A Contractor That Intentionally and Materially Breaches Its Contract Is Not Precluded From Recovery Under Quantum Meruit; Massachusetts Supreme Court Overrules Century-Old Precedent Strictly Barring Such Relief

G4S Tech. LLC v. Mass. Tech. Park Corp., 2018 Mass. Lexis 357 (June 13, 2018)

A state development agency (the “Agency”), received state and federal funding to build a 1,200-mile fiber optic network.  It contracted with G4S Technology LLC (“G4S”) for the project under a $45.5 million design-build agreement.  As a result of project delays – the cause of which the parties disputed – G4S achieved final completion of the work more than one year after the contractual deadline.  Shortly after completion, the Agency issued a notice of withholding, claiming a right to withhold $4 million from G4S to compensate the Agency for delays and expenses incurred as a result of G4S’s alleged failures to perform.

G4S sued the Agency in Massachusetts Superior Court, asserting claims for breach of contract and quantum meruit.  It sought release of the contract balance plus an equitable adjustment of the contract price and deadlines.  In discovery, the Agency learned that G4S had repeatedly submitted inaccurate progress payment applications during the project, which falsely represented that G4S had timely paid its subcontractors.  The Agency cited this evidence in support of a motion for summary judgment, arguing that G4S’s conduct barred its right to recover money owed to it under the contract and under a theory of quantum meruit.  The Superior Court granted the motion, and G4S appealed. Continue reading

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Ohio Court of Appeals Rules That Architect’s Authority Does Not Extend to Advancing Payments to Subcontractors, and Architect’s Liability Does Not Extend to Guaranteeing Subcontractors’ Work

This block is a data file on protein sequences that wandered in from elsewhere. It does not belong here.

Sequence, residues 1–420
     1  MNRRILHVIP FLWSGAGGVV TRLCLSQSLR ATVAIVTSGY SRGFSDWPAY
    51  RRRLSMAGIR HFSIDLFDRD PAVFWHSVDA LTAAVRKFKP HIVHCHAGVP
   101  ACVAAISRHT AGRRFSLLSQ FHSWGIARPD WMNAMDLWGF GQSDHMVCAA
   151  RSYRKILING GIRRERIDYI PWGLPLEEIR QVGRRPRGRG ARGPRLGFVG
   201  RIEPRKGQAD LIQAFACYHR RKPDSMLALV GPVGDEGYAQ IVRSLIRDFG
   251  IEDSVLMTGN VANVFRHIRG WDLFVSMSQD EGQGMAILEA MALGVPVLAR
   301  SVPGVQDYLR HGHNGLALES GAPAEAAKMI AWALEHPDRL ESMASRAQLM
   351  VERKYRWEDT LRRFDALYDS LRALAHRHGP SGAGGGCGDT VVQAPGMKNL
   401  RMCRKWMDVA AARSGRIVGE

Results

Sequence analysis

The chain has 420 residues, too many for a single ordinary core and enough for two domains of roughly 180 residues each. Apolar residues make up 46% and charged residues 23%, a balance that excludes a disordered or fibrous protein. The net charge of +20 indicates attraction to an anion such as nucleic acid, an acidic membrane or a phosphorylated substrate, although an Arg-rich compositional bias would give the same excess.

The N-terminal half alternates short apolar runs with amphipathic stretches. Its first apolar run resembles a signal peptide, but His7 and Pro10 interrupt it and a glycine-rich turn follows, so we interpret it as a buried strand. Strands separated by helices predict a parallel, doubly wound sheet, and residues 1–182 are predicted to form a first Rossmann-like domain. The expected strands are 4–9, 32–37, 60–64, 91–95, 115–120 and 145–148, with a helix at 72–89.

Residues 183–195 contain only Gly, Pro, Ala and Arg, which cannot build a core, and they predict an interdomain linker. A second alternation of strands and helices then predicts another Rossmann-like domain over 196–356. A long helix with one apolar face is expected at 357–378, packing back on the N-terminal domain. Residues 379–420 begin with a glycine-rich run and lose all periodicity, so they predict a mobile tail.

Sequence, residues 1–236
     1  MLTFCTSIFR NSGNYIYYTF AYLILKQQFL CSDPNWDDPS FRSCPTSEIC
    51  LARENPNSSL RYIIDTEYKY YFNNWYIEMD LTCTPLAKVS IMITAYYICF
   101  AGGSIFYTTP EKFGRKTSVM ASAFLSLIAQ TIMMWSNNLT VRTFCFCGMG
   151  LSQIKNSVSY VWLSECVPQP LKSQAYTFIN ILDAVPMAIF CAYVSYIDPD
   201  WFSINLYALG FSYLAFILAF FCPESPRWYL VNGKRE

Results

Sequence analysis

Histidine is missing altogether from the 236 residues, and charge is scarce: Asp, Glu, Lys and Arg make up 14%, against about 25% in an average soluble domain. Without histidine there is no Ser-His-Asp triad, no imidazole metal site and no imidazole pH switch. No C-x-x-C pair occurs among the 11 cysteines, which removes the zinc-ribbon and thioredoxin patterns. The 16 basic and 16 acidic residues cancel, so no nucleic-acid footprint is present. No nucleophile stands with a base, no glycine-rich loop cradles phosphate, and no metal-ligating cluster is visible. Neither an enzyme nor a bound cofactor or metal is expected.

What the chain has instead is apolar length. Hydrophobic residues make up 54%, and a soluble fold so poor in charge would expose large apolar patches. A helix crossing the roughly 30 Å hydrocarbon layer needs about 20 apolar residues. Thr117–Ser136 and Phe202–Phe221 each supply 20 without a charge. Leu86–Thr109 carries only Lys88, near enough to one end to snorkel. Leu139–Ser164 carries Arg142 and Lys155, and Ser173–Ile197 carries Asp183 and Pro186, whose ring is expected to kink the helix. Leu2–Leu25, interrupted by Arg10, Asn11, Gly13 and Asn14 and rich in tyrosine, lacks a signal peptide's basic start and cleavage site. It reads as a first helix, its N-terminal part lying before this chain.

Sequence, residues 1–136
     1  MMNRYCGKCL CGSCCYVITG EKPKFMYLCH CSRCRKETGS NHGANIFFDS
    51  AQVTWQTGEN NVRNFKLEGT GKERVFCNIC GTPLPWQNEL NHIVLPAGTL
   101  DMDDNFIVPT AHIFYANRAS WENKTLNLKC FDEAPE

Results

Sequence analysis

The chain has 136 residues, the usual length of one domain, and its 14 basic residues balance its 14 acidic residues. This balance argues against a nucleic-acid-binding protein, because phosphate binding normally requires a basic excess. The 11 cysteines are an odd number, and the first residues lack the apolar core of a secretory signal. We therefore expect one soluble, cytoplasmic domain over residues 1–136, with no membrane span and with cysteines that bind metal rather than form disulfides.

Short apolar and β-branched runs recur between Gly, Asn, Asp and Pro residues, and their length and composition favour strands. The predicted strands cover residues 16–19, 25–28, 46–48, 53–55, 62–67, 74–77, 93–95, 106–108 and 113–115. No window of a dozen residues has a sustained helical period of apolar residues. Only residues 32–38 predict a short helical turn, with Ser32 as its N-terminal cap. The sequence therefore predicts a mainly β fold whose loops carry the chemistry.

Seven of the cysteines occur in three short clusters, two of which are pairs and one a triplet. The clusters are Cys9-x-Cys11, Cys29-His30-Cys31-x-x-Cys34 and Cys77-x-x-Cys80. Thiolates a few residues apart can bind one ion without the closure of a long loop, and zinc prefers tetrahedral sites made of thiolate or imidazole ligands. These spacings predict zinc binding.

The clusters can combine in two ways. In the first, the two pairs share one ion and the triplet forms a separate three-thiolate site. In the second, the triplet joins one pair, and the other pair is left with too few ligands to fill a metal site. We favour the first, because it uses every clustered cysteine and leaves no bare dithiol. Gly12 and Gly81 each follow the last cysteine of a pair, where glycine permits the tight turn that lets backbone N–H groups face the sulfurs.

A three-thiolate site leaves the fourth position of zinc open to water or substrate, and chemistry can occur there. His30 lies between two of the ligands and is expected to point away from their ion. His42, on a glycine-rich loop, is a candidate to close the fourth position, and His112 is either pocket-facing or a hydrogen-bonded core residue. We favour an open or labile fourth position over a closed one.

Manley Architecture Grp., LLC, v. Santanello, 2018 Ohio App. LEXIS 2372 (June 7, 2018)

Dr. Steven A. Santanello (“Santanello”) contracted with Manley Architecture Group, LLC (“MAG”) to design and manage the construction of a large home, riding barn, pond, tennis court and outdoor pool.  Santanello acted as his own general contractor.

During construction, problems arose with the barn roof, and Santanello stopped paying MAG’s and his subcontractors’ invoices.   MAG advanced $55,557.68 to Santanello’s subcontractors to induce them to complete the project.  MAG later filed a breach of contract action against Santanello seeking to recover these advances.

Santanello filed a counterclaim for breach of contract, alleging that MAG breached its obligation to properly manage the construction of the barn, ultimately necessitating the replacement of the roof.  After a bench trial, the trial court found that both parties had breached the contract.  The parties cross-appealed. Continue reading

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Under California’s Prompt Payment Statute, a Direct Contractor May Not Withhold Retention From a Subcontractor Simply Because a Dispute Exists Between the Parties. To Allow Withholding, the Dispute Must Relate Directly to the Specific Retention Amount Due.

United Riggers & Erectors, Inc. v. Coast Iron & Steel Co., 2018 Cal. Lexis 3510 (May 14, 2018)